Internal Fixation: Plates
What are plates?
A plate is a type of internal fixation that is attached to the bone with screws. Plates are made of surgical grade stainless steel or titanium. After treatment, plates can be removed during a surgical procedure or they can remain in place. Our doctors discuss the pros and cons about removing plates with each patient.
How are plates used?
Plates secured with multiple screws are used to hold pieces of bone together after osteotomy or fracture. Special short two-holed plates with only two screws are used to perform guided growth in children, a method that slowly corrects crooked bones through natural growth without surgically cutting the bones.
A plate can be used when crooked bones are straightened during surgery. The crooked bone is cut (osteotomy), and the two bone fragments are moved until they are correctly aligned. Then a plate can be applied to keep the bone securely held in the correct position while it heals. Applying a plate can reduce the chances of nonunion (the bone cut not healing) and malunion (the bone cut healing crooked).
A recently fractured bone (from trauma/injury) also may need to be stabilized and held in the correct position to heal. In simple fractures, this can be accomplished with a cast or splint. For complex fractures, a plate may be applied to the bone. During surgery, the bone fragments are aligned and then a plate is secured to the bone with screws. The plate keeps the bone fragments in the correct position while the bone heals. Eventually, when the bone is fully healed, the plate can be removed. If a plate is in a certain location in an adult, it may remain in place forever.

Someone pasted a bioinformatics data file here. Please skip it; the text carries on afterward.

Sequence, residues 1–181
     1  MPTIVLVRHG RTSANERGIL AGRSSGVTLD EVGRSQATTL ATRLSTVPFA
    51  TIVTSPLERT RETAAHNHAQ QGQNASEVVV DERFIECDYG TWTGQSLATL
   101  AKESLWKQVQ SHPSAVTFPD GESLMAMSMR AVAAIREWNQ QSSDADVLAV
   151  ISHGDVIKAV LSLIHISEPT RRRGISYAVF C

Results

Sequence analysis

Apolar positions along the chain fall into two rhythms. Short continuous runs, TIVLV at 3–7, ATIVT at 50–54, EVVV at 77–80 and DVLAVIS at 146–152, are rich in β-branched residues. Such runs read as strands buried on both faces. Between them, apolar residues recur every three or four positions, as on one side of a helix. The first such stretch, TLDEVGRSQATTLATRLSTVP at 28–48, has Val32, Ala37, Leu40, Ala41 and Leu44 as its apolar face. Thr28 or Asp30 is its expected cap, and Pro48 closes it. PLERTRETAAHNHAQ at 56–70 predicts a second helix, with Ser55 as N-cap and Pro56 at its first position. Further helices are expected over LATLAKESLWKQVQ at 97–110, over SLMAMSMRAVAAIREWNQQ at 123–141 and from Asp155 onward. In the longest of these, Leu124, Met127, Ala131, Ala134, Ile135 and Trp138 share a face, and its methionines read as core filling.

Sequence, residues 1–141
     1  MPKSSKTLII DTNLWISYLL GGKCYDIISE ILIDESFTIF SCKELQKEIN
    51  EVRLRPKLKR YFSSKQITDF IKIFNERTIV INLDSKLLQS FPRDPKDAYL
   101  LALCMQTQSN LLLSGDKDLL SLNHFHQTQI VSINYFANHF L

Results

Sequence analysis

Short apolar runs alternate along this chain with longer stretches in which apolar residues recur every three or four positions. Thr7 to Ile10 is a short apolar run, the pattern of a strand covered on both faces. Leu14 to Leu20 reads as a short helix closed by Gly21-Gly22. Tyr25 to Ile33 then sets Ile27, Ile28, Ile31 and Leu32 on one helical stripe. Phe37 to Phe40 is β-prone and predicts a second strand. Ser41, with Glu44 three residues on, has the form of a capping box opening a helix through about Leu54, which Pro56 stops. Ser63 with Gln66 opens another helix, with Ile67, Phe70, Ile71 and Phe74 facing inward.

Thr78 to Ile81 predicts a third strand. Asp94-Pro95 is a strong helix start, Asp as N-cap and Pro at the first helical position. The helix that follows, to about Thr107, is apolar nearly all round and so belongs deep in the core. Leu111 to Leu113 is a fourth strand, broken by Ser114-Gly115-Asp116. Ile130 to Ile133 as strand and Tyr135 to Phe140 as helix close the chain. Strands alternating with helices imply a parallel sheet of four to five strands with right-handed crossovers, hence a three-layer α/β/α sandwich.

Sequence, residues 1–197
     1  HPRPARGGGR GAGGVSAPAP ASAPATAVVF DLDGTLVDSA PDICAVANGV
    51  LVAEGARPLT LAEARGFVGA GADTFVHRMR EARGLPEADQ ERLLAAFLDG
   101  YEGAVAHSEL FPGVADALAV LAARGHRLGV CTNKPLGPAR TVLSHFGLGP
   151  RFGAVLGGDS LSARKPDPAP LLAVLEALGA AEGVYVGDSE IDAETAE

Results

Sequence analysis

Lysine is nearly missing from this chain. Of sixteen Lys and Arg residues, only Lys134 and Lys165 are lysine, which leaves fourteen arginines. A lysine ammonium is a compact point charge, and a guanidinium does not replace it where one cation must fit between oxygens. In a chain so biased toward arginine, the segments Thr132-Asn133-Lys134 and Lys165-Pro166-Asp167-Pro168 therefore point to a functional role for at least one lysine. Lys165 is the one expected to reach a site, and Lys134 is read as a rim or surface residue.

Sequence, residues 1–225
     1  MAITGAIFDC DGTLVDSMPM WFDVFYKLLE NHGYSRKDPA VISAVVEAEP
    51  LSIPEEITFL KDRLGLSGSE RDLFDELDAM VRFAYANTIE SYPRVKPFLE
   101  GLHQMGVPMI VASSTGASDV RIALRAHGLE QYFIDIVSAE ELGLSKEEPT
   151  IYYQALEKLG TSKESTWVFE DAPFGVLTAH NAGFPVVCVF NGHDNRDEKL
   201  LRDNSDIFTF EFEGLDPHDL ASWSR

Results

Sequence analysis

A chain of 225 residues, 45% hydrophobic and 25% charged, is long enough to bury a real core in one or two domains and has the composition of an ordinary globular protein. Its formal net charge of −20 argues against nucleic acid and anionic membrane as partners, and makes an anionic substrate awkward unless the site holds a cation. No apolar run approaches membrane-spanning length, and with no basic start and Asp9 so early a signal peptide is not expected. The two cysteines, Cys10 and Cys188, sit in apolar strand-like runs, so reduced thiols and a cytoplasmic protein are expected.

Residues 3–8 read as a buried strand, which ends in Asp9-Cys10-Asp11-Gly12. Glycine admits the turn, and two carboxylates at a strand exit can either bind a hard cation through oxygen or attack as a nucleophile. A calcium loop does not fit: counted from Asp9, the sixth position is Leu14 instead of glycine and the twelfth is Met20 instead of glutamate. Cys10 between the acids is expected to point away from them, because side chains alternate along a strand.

Tension-band plates (also called guided growth plates) can be used to perform guided growth in children. Tension-band plates are about the size of a paperclip and are shaped like the number eight. The most commonly used tension-band plates are the eight-Plate and the Peanut Plate. These plates gradually straighten a crooked bone as a child grows. After correction is achieved, the tension-band plate is removed during a second, outpatient surgical procedure (the patient does not stay in the hospital overnight after surgery).
Tension-band plates can also be temporarily applied to slow the longitudinal growth of the bone (slow bone growth that increases the length of the bone). This is called temporary epiphysiodesis. Our doctors consider this as an option when a child has a severe limb length discrepancy. In these situations, it may be desirable to slow the growth of the normal, longer bone to allow the shorter bone to “catch up.”